Author Archives: Administrator

The Death of Equities

August 13th marked the 40th anniversary of BusinessWeek’s famous cover and cover story, “The Death of Equities: How Inflation is Destroying the Stock Market”.

At the time of that writing, the S&P 500 closed at 107.42.

Today, as I write, the S&P 500 is north of 2,900.

The fuel of financial journalism is negativity. The same tired crap is being written today. Really, don’t read or listen to it. It can only cause you to underperform. Read something happy … and factual.

The Power of HSAs

Health Savings Accounts (HSAs) are powerful savings vehicles.  

HSAs are triple tax free:

  1. Contributions are tax-deductible
  2. The account grows tax free
  3. Withdrawals are tax free if used for medical expenses

One of the best uses of an HSA is to save up for the enormous medical expenses we will experience in retirement.

To be eligible, you have to have a high-deductible health insurance plan, which many, if not most, of us have.

This is a powerful addition to your retirement savings. If your health plan is HSA eligible, open one. I use Further at www.hellofurther.com. Low fees, more than enough investment choices.

The Latest Apocalypse

In response to Monday’s sizable market downturn, on top of last week’s stink up, I submit the following, courtesy of Scott Grannis’ Friday June 21st submission:

  •    Household debt is at historically low levels
  •    U.S. Household net worth has reached an all-time high, due to increased savings and investments
  •    Per Capita net worth is at an all-time high

Please don’t get twisted about the current state of affairs or the market’s short term reaction to them. Keep your long term financial plan on track, leave it just the way it is.

Kids Over 18

An interesting idea from one of our clients:

Kids over 18, legal adults, need a Will, a Durable Power of Attorney and a Living Will so you, as parents or close relatives, can act on their behalf if the unthinkable occurs.

As ugly as this is, the pain of something happening doesn’t need to be magnified by having to hassle with existing laws.

IRS Telephone Scams Continue

The IRS warns that IRS phone scams are surging, with caller IDs being altered to read, ‘IRS’ or ‘Taxpayer Advocate Services’.

Victims are told they owe taxes and must pay through a wire transfer, gift card or prepaid debit card, which is ridiculous when you think about it. The scammers are threatening arrest, foreclosure or deportation. Seniors and low-incomers are especially targeted. Please be aware. If you get one of these calls, just hang up.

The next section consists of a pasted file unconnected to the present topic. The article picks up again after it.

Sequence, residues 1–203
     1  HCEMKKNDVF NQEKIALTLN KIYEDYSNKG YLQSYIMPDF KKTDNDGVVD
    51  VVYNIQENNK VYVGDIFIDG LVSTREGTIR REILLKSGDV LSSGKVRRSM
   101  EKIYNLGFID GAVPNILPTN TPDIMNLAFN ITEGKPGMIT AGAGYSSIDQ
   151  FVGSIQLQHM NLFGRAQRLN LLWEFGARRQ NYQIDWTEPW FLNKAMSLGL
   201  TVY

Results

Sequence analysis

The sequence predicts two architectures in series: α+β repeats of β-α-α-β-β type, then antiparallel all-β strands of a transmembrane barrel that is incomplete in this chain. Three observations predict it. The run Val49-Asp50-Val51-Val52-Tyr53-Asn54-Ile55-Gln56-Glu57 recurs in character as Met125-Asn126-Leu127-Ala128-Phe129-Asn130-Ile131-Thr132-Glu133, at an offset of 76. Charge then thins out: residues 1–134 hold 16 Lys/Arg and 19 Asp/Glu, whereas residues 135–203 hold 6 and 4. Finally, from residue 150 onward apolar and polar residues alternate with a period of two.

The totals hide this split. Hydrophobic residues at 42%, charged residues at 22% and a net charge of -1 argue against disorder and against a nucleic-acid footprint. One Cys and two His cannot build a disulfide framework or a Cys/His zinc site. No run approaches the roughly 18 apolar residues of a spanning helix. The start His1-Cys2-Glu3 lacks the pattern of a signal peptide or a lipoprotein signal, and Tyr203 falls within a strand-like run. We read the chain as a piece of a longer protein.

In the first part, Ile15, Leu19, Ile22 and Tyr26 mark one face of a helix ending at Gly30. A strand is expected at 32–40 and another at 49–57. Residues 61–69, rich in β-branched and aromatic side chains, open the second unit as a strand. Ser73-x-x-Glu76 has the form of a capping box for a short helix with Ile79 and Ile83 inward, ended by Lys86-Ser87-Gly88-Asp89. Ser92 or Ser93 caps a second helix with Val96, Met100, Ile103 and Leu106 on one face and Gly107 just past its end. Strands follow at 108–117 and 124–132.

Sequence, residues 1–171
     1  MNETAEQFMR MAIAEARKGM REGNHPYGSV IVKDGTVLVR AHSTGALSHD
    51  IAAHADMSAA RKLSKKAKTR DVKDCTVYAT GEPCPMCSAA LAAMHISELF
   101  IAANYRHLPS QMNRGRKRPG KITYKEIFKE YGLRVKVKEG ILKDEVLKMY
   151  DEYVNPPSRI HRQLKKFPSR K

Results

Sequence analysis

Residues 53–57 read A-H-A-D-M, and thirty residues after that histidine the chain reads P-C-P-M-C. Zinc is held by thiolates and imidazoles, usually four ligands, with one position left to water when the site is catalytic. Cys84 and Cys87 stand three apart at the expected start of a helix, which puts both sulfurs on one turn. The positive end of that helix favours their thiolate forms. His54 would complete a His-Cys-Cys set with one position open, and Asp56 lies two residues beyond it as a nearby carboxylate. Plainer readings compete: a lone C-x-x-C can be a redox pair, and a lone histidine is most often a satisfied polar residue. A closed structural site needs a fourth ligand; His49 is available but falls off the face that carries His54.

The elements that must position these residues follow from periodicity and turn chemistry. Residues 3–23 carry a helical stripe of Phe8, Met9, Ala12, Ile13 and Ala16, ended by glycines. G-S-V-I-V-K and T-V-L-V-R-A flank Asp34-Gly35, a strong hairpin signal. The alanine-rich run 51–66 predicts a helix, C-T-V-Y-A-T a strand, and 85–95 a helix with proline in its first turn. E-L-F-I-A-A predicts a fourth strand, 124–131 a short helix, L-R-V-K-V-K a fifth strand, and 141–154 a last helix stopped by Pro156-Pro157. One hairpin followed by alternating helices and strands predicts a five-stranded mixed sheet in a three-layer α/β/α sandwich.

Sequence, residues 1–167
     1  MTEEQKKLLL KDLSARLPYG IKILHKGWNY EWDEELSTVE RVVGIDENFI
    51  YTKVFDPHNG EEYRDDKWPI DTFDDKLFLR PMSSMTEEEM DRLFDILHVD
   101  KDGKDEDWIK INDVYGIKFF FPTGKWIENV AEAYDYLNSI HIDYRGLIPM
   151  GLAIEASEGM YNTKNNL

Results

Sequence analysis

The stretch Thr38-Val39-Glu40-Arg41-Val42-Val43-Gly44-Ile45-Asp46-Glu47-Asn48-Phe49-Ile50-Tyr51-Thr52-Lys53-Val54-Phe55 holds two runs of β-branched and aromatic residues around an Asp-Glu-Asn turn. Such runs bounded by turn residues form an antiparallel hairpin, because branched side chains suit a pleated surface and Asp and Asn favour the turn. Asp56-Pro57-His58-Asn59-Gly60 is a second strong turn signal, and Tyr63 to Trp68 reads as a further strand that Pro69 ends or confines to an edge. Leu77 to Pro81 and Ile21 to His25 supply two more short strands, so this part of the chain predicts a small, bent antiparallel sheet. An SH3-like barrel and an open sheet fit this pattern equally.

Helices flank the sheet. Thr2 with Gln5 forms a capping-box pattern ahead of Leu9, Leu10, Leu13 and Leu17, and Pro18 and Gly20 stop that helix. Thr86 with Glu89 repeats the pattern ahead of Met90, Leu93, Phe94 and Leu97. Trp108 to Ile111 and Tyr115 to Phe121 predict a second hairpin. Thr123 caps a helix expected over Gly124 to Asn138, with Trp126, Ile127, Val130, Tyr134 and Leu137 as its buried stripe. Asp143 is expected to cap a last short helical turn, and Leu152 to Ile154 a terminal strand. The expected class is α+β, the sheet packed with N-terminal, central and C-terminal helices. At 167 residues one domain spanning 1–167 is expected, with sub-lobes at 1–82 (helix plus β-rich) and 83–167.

Gambling

Heard a great quote from one of the speakers at The Investment Center’s Educational Conference in New Orleans that Maria and I attended.

“Gambling odds are less than 50%. The longer you’re in, the greater your chances of failure. The market goes up 75% of the time. The longer you’re in, the greater your chances of success.”

Accept Uncertainty

In the world of investing, the future is unknowable. ‘Uncertain’ is simply the way it is. How much uncertainty you can handle will determine your ultimate rate of return.

‘Certainty’ and rate of return are inversely related. If you want ‘certainty’, like a money market or a Treasury bond, your returns will be scant. Factor in inflation, and your ‘certain’ return is actually negative.

If you can accept ‘uncertainty’, now you’re in the game. Embrace uncertainly and buckle up for a wild and rewarding ride!

Successful Behavior

  1. Investors do not get investment returns they get investor returns, which tend to be substantially less. Investors do not merely underperform the market; they underperform their own investments.
    • Average annual return, with dividends reinvested, of the average U.S. equity mutual fund, 1996-2015 – 8.19%
    • Average annual return, with dividends reinvested, of the average U.S. equity mutual fund investor, 1996-2015 – 4.67%
    • Cost of inappropriate behavior – 3.52%
  2. The gap between investment returns and investor returns is fully and completely explained in 2 words: inappropriate behavior.
  3. As an investor, you cannot control investment performance, but you can control investor behavior.
  4. Avoid the 8 Great Mistakes:
    • Overdiversification – 5 categories, close to 5 funds will do it.
    • Underdiversification – Chasing the hot trend.
    • Euphoria/Overconfidence/Greed – The loss of an adult sense of risk. The perception of risk as ‘someone else getting a higher return’. Getting caught up in the success stories.
    • Panic/Get me out at any price now – Inappropriate temperament.
    • Leverage/Margin – Intellectually okay, behaviorally will not work.
    • Speculating instead of investing – Not seeing that you’ve crossed the line.
    • Investing for yield instead of for total return – Timing the market. Sure road to failure
    • Letting cost basis/tax considerations dictate investment decisions – “But I’ll have to pay taxes”. Be thankful.
  5. If you are successful in your investment behavior, our fund recommendations still may not, at any given time, outperform your neighbors’ funds, but, in the long run, you will surely outperform your neighbors.
  6. Most importantly FOLLOW THE LOVE. Who do you love and what do you want to do about it?